I got PRK (epi-LASEK actually) in 2011. It is without a doubt the best money I have spent. Beforehand I was 20/450 in each eye. Now I'm 20/15 in each eye and 20/10 combined. Although the healing process did take a couple of months, it was definitely worth it. If you wear glasses or use contacts, please consider eye surgery. The risk is minimal and the cost is minuscule when amortized over the life of your eyes.
There are many small advantages you'll notice with your improved vision. You can decrease your font size and fit more code on your screen. This is equivalent to using a larger monitor, and it works on portable devices. You can wake up and see. I can't properly convey how that feels, especially if you have east-facing windows to catch the sunrise. When traveling, you don't have to worry about logistics related to contact lenses or glasses. It's amazing.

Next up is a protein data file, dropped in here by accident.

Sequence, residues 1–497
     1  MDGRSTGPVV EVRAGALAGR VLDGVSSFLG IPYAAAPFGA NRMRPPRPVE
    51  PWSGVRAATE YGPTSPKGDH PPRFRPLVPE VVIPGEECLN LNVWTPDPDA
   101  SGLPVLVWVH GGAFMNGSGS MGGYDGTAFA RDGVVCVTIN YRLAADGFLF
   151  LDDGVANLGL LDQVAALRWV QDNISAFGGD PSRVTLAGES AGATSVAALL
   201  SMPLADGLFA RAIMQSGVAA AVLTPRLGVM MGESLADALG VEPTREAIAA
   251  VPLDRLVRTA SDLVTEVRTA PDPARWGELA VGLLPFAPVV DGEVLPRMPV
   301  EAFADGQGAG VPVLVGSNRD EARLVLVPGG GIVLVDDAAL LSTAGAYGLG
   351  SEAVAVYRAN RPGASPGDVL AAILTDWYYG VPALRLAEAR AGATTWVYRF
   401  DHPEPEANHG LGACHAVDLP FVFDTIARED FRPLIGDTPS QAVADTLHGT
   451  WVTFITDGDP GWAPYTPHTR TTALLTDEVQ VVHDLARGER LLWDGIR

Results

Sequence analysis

If you have myopia or astigmatism, please please consider eye surgery. You won't regret it.
First: I completely agree. Keeping plaintext secrets in source control is a bad idea. Encrypting them is a good idea. If you have plaintext secrets, encrypt them now using this makefile or git-crypt. Then rotate them.
That said, this solution has a couple of issues:
1. It encrypts the entire file instead of individual secrets in the settings file. Encrypted files can't take advantage of many version control features. A small change in plaintext creates a huge diff in ciphertext. Git blame doesn't work anymore. Git diff gets a lot more spammy, since you'll see a diff for the entire settings file if there's the slightest change in it.